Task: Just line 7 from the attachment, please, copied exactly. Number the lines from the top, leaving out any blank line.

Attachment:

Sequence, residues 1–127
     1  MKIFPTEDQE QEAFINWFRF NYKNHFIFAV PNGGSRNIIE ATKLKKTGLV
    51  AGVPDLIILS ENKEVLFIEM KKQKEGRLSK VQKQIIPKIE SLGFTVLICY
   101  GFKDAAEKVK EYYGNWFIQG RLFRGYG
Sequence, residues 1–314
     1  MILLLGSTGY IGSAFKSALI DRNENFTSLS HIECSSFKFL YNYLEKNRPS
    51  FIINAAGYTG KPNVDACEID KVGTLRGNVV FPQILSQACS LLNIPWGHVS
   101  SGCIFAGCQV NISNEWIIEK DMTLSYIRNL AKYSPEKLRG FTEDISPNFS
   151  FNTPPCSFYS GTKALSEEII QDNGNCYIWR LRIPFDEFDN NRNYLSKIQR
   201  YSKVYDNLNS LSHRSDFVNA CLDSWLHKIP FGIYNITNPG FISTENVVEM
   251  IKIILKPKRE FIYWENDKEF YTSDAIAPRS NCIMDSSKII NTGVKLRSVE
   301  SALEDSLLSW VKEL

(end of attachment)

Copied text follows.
    51  FIINAAGYTG KPNVDACEID KVGTLRGNVV FPQILSQACS LLNIPWGHVS